Democratic Rep. Joe CunninghamJoseph CunninghamOvernight Energy: House moves to block Trump drilling | House GOP rolls out proposal to counter offshore drilling ban | calls mount for NOAA probe House approves two bills to block Trump drilling Bill requiring carbon monoxide detectors in public housing passes House MORE (S.C.) blasted an air horn at a recent hearing to demonstrate how "disruptive" seismic air gun testing can be for marine animals.

In footage of a House Natural Resources subcommittee hearing Thursday, Cunningham pulled out an air horn, blasted the device and asked Chris Oliver, the assistant administrator for National Oceanic and Atmospheric Administration (NOAA) Fisheries, whether he found the sound to be disruptive.

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“Was that disruptive, Mr. Oliver?” Cunningham asked. 

“It was irritating, but I didn't find it particularly disruptive,” Oliver responded.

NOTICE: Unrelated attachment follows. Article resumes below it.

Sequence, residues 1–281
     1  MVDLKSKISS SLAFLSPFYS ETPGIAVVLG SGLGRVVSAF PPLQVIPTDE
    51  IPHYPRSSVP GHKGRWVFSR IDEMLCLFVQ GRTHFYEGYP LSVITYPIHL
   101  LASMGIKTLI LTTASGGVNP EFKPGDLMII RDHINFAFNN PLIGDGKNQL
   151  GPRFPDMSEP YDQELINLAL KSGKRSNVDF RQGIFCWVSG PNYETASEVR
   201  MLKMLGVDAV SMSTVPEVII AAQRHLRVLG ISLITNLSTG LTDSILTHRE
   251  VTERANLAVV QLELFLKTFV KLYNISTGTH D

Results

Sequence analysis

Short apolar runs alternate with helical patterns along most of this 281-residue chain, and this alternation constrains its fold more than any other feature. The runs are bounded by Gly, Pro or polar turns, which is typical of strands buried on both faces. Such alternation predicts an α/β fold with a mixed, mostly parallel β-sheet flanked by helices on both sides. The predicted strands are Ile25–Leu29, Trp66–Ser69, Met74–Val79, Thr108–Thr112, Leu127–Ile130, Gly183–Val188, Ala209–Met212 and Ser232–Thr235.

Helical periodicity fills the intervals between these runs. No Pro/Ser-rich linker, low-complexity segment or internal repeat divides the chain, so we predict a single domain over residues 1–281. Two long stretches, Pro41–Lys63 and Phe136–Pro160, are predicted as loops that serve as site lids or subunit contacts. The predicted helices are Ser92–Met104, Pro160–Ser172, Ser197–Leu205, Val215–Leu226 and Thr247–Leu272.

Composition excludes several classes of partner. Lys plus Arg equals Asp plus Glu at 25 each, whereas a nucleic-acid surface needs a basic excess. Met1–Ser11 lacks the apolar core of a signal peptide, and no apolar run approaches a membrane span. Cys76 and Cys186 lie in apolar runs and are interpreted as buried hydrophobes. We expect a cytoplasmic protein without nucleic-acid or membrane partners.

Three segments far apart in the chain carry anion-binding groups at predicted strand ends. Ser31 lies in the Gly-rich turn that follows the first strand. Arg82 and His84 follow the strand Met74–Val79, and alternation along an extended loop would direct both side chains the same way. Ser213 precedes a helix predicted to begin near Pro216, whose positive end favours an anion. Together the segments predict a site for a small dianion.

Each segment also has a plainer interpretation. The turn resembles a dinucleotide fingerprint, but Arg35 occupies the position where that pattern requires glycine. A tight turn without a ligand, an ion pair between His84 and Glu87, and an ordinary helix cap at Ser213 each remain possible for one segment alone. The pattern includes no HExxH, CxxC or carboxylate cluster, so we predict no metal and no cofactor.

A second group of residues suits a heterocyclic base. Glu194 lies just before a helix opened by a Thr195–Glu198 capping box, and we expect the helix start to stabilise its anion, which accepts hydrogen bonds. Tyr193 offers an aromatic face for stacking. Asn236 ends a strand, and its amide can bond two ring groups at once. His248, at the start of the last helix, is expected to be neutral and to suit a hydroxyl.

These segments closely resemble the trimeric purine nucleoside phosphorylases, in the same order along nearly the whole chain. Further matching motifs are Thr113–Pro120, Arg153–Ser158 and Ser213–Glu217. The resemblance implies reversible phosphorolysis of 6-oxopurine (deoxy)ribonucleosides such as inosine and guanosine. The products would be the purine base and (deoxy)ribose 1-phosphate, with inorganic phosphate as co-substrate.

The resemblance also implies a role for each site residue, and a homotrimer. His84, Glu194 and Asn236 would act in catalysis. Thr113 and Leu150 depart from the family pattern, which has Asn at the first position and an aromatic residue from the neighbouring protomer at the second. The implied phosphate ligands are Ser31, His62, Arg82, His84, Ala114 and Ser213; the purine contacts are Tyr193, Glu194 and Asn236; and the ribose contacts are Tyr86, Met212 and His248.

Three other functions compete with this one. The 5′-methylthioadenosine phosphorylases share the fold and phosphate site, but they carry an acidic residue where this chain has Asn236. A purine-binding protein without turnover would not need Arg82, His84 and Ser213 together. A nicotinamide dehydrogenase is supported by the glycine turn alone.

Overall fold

“What about every, say, 10 seconds like seismic air gun blasting goes on for for days, weeks, months?” Cunningham continued. 

“If I were that close to it, yeah, probably,” Oliver said.

"What if you depended on sound for hunting your food and for communication? Do you think it would be disruptive?” Cunningham continued.

“At a distance of 20 feet, yes, it would be” Oliver said.

That’s when the congressman asked Oliver how much louder than the air horn he thinks seismic air gun blasting is.

“I honestly don’t know,” Oliver replied. 

After a brief back-and-forth between the two, Cunningham said, “What if I were to tell you its 16,000 times louder than what you just heard here?”

“Do you see how that would be impactful on marine species and mammals?” he continued.

“I do,” Oliver responded, “which is why we put mitigation measures in to minimize the proximity of that activity.”

According to The Washington Post, the NOAA gave five companies permission to conduct such tests, which many have said could prove harmful to marine life, specifically North Atlantic right whales, in 2018. 

Five companies are also reportedly awaiting final permits from the Interior Department to start such testing between Florida and New Jersey. 

Although Democrats are against the testing, many Republicans support the practice, and the administration’s argument is that there is no evidence such testing has killed or seriously injured a marine animal.